Chinese tourists apologize after being shamed for trashing Japanese Airbnb
Three Chinese tourists were slammed by netizens after the owner of an Airbnb they stayed at in Japan took to social media to expose their mess.
The three young women, all aged 19, left their Osaka flat disheveled and trashed, as per the Beijing Youth Daily via South China Morning Post last Sept. 13. The owner, known only as Cheng, took pictures of his place after he found it in a bad condition last Sept. 10.
Cheng took to Chinese micro-blogging website Weibo that day to share pictures of his flat, which soon went viral.
The pictures show a messy sink dumped with used utensils, wrappers and other kitchenware. A chair can also be seen resting on top of a toilet, while rude messages and a doodle of feces were scribbled on the visitor’s book. Cheng also found the hall strewn with trash and smelling of spoiled food.
It was a first for Cheng, who shared that he has “never encountered such a situation before.”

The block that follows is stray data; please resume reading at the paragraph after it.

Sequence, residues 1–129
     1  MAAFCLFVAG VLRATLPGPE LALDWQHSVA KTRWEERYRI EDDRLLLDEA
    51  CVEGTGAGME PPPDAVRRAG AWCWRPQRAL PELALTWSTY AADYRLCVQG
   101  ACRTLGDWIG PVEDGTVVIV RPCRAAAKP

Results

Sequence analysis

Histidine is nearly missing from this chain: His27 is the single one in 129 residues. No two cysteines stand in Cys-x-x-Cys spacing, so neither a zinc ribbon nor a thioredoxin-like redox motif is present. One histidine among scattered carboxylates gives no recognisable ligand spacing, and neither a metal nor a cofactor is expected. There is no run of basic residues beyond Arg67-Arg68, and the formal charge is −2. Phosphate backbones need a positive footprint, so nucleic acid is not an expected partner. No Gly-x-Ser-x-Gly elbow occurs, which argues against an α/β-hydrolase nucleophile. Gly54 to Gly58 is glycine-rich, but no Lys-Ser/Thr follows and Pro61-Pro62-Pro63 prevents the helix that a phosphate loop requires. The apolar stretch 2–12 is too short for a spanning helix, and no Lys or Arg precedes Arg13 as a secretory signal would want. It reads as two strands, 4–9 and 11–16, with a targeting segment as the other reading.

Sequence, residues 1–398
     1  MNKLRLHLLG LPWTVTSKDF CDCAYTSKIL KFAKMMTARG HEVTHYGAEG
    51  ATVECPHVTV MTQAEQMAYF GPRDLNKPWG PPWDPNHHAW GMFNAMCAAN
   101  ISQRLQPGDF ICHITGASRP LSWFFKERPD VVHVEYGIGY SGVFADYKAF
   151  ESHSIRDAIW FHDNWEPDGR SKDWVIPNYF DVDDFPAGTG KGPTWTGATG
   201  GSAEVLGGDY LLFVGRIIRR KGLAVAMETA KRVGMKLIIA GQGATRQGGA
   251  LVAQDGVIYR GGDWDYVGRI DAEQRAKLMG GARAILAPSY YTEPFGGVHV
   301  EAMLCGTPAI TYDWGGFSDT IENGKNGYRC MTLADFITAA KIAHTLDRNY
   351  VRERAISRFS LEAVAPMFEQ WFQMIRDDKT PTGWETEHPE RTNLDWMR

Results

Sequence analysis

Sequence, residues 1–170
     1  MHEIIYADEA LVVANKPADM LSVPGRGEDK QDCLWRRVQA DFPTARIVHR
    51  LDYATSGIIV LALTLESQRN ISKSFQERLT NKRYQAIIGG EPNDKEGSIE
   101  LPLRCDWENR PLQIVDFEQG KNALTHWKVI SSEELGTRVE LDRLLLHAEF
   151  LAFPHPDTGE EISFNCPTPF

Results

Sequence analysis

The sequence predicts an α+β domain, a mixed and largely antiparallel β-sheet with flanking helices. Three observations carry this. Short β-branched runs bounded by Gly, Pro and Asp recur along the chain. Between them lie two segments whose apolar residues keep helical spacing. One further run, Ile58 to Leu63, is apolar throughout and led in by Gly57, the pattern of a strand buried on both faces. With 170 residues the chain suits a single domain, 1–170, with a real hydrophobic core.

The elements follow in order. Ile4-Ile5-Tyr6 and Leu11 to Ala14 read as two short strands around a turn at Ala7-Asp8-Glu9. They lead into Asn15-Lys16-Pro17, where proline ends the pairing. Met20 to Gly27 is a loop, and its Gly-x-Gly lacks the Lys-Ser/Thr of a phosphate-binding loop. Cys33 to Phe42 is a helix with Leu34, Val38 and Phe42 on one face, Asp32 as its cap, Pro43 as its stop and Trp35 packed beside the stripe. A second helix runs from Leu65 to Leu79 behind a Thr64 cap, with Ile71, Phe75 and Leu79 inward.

“It costs around 3,000 yen (around $27) in Japan to clean a room that is this filthy,” Cheng was quoted as saying. “I filed a complaint on the booking platform and requested them to pay twice the cleaning fee.”
Cheng, however, added that the women were defiant when he asked them to pay double the cleaning fee.
“We paid money to stay here, not to clean it,” one of the women reportedly told him. “This isn’t our home so we don’t need to clean it for you.”
The three young women were initially unashamed and unrepentant for their mess, but eventually apologized when they were publicly shamed online.
“We now want to seek forgiveness,” one of the them wrote on Weibo last Sept 11.“Maybe it’s too late. Maybe we deserve it. But we are sorry and we are trying our best to solve the problem.”
The women also said in the report that they’re willing to apologize to Cheng and pay due compensation. The three are now in talks with Cheng about the issue.
Meanwhile, Airbnb in their statement, said they were investigating the incident. They added that they have a “landlord guarantee fund” for such cases when property owners suffer from financial losses due to their tenants’ actions. Cody Cepeda/JB